Another virus called hepatitis C can also be spread when sharing drug equipment. Hepatitis C damages the liver. It is passed when the blood from someone who has hepatitis C gets into the bloodstream of another person.
Protect yourself and the people you do drugs with.
If you use drugs, there are things you can do to protect yourself and use drugs in a safer way. This is called harm reduction.
To practise safer drug use…
- Use a clean new needle and syringe every time you use.
- Use your own drug equipment (such as pipes, bills, straws, cookers, water, alcohol swabs) every time. Never share equipment, not even with your sex partner.
- Get new needles and supplies from your local harm reduction program, needle exchange or community health centre.
- Get tested for HIV and hepatitis C. If you know that you have HIV or hepatitis C, you can take steps to protect yourself and others.
If you do not have access to a needle exchange…
- As a last resort, your own needles can be cleaned before each time you use them, but it is still best not to share with other people.
Cleaning means flushing the syringe twice with clean water, twice with bleach, and then twice with new water. Each flushing should last 30 seconds. This will kill HIV, but it will not protect you from hepatitis C.
HIV & Blood Products
Since November 1985, all blood products in Canada are checked for HIV. A person’s risk of getting infected from a blood transfusion in Canada is extremely low.
There is no chance of getting HIV from donating blood.
HIV & The Law
If you have HIV, you have a legal duty to tell your sex partner(s) before having any kind of sex that could put them at “significant risk” of getting HIV.
- The law is not completely clear on what “significant risk” means. It is clear, however, that unprotected vaginal or anal sex is considered to pose a “significant risk” of HIV transmission.
- People with HIV have been convicted of serious crimes for not telling their sex partners they have HIV (not disclosing their status) before having unprotected vaginal or anal sex.
- The law is not clear about whether people with HIV must disclose their status before having sex using a condom or before having oral sex (without a condom). For more information on HIV and the law, contact the Canadian HIV/AIDS Legal Network.
It may be able to refer you to a lawyer but cannot provide you with legal advice.
If you know you have HIV, you can get the treatment and care you need to stay healthy and avoid passing it on to others.
If you think you may have been exposed to HIV, it is important to get tested.
- The only way to know if you have HIV is to get tested. The HIV test is a simple blood test.
- After HIV enters the body, it may take time before the test can detect the virus (this is known as the window period). Different HIV tests have different window periods.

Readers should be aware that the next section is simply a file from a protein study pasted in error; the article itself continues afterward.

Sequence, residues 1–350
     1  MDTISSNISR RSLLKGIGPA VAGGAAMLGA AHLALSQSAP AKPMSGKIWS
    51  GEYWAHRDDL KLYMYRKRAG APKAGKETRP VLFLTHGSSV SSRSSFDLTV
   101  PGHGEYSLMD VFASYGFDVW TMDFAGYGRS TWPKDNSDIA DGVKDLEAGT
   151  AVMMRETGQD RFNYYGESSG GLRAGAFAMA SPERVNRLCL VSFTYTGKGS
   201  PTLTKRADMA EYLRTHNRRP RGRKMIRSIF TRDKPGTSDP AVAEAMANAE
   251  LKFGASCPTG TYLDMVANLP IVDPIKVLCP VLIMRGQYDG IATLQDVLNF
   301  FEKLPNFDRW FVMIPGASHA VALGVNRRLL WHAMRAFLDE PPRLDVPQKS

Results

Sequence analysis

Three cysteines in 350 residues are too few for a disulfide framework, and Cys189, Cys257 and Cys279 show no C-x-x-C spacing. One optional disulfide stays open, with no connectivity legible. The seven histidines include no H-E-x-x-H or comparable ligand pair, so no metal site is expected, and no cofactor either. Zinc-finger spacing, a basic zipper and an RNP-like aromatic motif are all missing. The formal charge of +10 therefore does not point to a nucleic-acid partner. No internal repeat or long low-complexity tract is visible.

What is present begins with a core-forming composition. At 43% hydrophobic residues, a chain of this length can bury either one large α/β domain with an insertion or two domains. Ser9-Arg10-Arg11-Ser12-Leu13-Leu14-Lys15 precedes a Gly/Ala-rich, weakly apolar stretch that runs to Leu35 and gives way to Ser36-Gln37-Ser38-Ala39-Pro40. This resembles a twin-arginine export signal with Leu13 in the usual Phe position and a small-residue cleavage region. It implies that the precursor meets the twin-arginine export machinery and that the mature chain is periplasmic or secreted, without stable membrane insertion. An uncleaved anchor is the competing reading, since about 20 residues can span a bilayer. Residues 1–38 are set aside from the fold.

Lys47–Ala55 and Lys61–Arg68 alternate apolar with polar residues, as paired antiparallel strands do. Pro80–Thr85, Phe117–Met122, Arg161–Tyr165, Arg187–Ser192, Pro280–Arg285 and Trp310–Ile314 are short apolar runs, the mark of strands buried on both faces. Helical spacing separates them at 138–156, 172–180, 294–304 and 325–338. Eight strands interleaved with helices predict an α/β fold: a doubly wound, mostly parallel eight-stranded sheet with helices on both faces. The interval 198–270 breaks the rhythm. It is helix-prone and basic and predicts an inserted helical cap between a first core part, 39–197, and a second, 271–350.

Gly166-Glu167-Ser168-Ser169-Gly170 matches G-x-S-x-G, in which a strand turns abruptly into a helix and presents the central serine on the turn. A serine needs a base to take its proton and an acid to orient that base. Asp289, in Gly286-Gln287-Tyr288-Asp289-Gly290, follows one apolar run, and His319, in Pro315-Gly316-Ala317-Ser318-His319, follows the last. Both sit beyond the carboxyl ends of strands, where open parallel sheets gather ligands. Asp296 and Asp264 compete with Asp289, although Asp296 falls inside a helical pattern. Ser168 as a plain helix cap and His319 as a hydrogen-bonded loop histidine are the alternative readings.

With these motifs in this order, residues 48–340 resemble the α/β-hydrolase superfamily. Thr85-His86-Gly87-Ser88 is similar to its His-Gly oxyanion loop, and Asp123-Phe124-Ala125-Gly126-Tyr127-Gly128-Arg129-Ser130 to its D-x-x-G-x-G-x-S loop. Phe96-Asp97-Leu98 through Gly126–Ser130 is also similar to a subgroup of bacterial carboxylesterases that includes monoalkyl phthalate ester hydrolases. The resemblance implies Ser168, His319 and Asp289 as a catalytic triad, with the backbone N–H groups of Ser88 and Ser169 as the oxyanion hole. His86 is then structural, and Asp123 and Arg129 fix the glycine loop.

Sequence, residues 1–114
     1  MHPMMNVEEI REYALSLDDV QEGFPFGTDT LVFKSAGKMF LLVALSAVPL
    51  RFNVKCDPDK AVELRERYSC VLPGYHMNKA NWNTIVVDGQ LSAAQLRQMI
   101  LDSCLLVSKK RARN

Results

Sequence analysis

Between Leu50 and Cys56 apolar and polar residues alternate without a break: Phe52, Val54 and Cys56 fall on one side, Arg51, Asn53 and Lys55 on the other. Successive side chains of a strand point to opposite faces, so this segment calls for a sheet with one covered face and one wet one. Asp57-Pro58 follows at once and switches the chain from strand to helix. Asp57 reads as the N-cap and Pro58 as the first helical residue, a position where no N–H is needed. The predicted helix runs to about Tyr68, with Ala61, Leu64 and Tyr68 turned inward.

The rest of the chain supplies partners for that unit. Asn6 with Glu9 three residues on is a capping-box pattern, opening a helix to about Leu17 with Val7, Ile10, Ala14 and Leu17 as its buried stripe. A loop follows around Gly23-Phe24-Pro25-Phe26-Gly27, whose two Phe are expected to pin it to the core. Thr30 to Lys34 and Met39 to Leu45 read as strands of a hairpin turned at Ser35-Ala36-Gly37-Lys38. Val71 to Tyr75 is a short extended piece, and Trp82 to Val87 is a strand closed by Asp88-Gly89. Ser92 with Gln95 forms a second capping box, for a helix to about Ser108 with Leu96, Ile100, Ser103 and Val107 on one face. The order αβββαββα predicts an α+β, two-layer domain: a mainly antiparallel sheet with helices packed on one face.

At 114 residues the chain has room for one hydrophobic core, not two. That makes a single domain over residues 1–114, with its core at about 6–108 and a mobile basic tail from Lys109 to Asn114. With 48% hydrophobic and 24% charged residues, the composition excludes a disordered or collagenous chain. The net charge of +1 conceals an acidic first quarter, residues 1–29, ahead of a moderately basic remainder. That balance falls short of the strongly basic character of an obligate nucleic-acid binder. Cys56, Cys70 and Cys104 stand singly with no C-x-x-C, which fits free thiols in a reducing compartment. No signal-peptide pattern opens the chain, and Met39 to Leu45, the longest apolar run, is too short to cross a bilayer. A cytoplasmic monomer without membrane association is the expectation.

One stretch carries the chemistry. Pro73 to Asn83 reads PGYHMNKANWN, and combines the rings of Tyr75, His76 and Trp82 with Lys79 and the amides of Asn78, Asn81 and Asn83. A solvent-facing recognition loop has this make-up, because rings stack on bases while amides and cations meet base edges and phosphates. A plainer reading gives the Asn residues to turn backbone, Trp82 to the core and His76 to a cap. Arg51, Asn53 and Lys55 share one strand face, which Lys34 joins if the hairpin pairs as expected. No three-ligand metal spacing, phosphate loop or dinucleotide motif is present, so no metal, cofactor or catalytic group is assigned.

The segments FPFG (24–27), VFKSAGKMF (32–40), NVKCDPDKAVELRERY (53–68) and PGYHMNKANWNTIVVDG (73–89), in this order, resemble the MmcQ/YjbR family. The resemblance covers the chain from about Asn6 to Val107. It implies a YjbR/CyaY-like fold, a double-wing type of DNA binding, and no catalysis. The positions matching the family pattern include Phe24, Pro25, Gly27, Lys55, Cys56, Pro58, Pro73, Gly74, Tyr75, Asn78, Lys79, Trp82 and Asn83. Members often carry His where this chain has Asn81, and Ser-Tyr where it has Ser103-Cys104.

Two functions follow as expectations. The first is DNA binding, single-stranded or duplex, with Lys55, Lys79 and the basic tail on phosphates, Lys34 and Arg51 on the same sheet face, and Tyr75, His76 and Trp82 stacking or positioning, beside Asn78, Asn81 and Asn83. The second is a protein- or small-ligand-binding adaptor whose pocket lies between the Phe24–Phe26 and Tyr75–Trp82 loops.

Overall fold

- Don’t wait. Speak to a health-care provider about getting tested for HIV as well as other STIs and hepatitis C.
You can’t tell whether you have been infected with HIV by how you feel.
- Some people have flu-like symptoms when they first get infected (fever, sore throat or swollen glands). But some people have no symptoms at all.
- You can have HIV and not know it.
If you test positive:
- There have been significant advances in the care and treatment of HIV, and with the right treatment, you can stay healthy.
- To protect yourself and your partner(s), practise safer sex and do not share drug equipment.
- Get connected. Contact CATIE for more information on HIV services in your area.
It is estimated that every day one Aboriginal person becomes infected with HIV/AIDS.
For more information on HIV, contact:
- a public health unit
- your local sexual health or family planning clinic
- your Regional Aboriginal AIDS organization
- an AIDS and sexual health hotline
- your doctor or primary healthcare provider
- a community health centre or, in Quebec, a CLSC
About one in every four Canadians with HIV does not know they have it. The only way to know for sure if you have HIV is to get tested. An HIV test could save your life.
Need more information and resources on HIV or hepatitis C?
Contact CAAN at:
Contact CATIE at:
CATIE accepts collect calls from Canadian prisons.
CAAN is honoured for the partnership with CATIE, in the adaptation of this HIV and AIDS Basic Facts pamphlet. The Canadian Aboriginal AIDS Network would like to acknowledge CATIE as the author and Greg Pierre as the graphic designer of this document.
Funding for this publication was provided by the Public Health Agency of Canada (PHAC).
The views expressed herein do not necessarily represent the views of the Public Health Agency of Canada.
Copyright © 2011
Canadian Aboriginal AIDS Network (CAAN)
Download (12 pages)